Specific proposed high-risk transmission channels, allowing the virus to adapt to humans and spread throughout the society, depend on the proposed timing of the animal-to-human crossing. Genetic studies of the virus suggest that the most recent common ancestor of the HIV-1 M group dates back to circa 1910. Proponents of this dating link the HIV epidemic with the emergence of colonialism and growth of large colonial African cities, leading to social changes, including a higher degree of sexual promiscuity, the spread of prostitution, and the accompanying high frequency of genital ulcer diseases (such as syphilis) in nascent colonial cities. While transmission rates of HIV during vaginal intercourse are low under regular circumstances, they are increased many fold if one of the partners suffers from a sexually transmitted infection causing genital ulcers. Early 1900s colonial cities were notable due to their high prevalence of prostitution and genital ulcers, to the degree that, as of 1928, as many as 45% of female residents of eastern Kinshasa were thought to have been prostitutes, and, as of 1933, around 15% of all residents of the same city had syphilis.
An alternative view holds that unsafe medical practices in Africa after World War II, such as unsterile reuse of single use syringes during mass vaccination, antibiotic and anti-malaria treatment campaigns, were the initial vector that allowed the virus to adapt to humans and spread.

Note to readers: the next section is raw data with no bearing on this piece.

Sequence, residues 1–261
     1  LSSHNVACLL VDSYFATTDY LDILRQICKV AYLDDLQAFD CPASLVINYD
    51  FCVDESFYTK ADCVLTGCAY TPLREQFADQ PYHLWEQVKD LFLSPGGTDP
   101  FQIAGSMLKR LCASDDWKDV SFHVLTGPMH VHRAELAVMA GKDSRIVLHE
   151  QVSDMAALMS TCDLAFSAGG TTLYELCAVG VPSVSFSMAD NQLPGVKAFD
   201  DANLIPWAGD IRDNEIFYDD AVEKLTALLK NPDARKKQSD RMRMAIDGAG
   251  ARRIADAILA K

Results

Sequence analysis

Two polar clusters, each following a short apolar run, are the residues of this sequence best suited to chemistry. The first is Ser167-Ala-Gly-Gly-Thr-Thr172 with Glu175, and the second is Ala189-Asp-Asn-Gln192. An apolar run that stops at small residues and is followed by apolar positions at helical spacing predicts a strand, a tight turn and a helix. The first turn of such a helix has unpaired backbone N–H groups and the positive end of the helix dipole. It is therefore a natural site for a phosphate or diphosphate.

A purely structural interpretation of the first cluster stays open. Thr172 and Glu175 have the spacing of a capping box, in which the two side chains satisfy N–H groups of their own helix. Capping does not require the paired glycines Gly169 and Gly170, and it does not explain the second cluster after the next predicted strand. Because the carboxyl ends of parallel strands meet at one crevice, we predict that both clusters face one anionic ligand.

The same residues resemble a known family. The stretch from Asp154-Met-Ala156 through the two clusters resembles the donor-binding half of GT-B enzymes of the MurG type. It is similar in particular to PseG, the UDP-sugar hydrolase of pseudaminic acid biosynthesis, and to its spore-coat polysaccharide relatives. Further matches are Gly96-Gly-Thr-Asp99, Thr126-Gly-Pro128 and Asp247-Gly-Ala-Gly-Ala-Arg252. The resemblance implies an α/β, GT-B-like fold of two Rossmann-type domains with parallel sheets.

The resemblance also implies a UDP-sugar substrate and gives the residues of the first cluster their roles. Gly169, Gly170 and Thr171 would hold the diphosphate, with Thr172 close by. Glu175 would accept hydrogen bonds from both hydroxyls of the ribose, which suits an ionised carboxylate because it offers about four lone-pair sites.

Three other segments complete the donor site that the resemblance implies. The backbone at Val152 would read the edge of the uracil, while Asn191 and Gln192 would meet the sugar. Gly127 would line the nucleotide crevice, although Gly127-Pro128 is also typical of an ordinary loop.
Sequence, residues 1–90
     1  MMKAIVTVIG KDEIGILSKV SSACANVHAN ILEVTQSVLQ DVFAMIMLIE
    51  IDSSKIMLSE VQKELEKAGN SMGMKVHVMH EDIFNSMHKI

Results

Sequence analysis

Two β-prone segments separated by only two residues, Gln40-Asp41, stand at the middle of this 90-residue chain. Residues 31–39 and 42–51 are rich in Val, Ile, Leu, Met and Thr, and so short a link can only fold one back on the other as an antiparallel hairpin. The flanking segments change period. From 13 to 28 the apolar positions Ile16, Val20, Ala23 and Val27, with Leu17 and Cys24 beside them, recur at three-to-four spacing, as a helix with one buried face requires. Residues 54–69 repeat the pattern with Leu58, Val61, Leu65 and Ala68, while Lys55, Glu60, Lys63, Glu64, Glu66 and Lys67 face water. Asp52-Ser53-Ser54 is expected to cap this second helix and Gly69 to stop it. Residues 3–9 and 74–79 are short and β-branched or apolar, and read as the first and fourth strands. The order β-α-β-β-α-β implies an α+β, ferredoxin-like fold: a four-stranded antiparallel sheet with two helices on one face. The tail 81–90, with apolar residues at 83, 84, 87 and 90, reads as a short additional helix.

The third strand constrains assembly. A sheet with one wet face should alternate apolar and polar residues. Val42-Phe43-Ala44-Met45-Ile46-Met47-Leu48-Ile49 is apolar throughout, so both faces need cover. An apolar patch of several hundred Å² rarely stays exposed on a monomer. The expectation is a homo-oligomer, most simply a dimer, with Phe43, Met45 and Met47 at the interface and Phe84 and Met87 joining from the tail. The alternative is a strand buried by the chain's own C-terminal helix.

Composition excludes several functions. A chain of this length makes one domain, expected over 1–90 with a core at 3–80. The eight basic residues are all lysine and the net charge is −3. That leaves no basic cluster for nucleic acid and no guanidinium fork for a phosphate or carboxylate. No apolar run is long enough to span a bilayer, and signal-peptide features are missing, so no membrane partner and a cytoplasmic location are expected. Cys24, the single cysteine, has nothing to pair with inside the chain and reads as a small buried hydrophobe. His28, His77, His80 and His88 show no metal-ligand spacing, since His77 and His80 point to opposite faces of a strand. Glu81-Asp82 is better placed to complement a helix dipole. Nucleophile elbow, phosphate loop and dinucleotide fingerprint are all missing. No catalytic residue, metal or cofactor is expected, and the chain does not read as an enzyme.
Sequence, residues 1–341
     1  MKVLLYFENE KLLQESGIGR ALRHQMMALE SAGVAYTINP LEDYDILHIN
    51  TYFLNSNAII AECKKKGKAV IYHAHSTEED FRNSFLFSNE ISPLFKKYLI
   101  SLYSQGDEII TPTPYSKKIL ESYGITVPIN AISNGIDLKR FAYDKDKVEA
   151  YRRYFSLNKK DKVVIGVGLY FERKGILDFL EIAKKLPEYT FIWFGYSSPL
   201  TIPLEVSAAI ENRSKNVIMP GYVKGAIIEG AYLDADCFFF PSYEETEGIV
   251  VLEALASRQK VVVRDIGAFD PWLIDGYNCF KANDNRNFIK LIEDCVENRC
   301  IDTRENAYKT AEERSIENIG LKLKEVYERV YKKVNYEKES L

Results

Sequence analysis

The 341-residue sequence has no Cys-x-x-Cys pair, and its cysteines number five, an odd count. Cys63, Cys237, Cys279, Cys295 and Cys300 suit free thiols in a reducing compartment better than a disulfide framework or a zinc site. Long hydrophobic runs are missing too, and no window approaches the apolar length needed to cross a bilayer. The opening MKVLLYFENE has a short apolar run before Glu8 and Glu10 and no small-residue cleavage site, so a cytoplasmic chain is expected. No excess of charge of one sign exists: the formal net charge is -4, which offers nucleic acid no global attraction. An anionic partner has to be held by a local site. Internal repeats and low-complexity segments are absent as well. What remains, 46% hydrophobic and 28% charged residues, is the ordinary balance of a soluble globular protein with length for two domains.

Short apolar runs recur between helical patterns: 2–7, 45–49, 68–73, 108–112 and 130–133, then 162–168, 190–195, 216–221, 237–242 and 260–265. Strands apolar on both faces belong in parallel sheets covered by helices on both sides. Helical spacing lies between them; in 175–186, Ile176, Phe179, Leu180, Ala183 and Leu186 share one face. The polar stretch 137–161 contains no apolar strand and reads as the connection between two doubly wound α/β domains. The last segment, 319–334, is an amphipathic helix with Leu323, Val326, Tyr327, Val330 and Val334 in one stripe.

The earliest well-documented case of HIV in a human dates back to 1959 in the Congo. The earliest retrospectively described case of AIDS is believed to have been in Norway beginning in 1966. In July 1960, in the wake its independence, the United Nations recruited Francophone experts and technicians from all over the world to assist in filling administrative gaps left by Belgium, who did not leave behind an African elite to run the country. By 1962, Haitians made up the second largest group of well-educated experts (out of the 48 national groups recruited), that totaled around 4500 in the country. Dr. Jacques Pépin, a Quebecer author of The Origins of AIDS, stipulates that Haiti was one of HIV's entry points to the United States and that one of them may have carried HIV back across the Atlantic in the 1960s. Although, the virus may have been present in the United States as early as 1966, the vast majority of infections occurring outside sub-Saharan Africa (including the U.S.) can be traced back to a single unknown individual who became infected with HIV in Haiti and then brought the infection to the United States some time around 1969. The epidemic then rapidly spread among high-risk groups (initially, sexually promiscuous men who have sex with men). By 1978, the prevalence of HIV-1 among homosexual male residents of New York City and San Francisco was estimated at 5%, suggesting that several thousand individuals in the country had been infected.
Society and culture
AIDS stigma exists around the world in a variety of ways, including ostracism, rejection, discrimination and avoidance of HIV infected people; compulsory HIV testing without prior consent or protection of confidentiality; violence against HIV infected individuals or people who are perceived to be infected with HIV; and the quarantine of HIV infected individuals. Stigma-related violence or the fear of violence prevents many people from seeking HIV testing, returning for their results, or securing treatment, possibly turning what could be a manageable chronic illness into a death sentence and perpetuating the spread of HIV.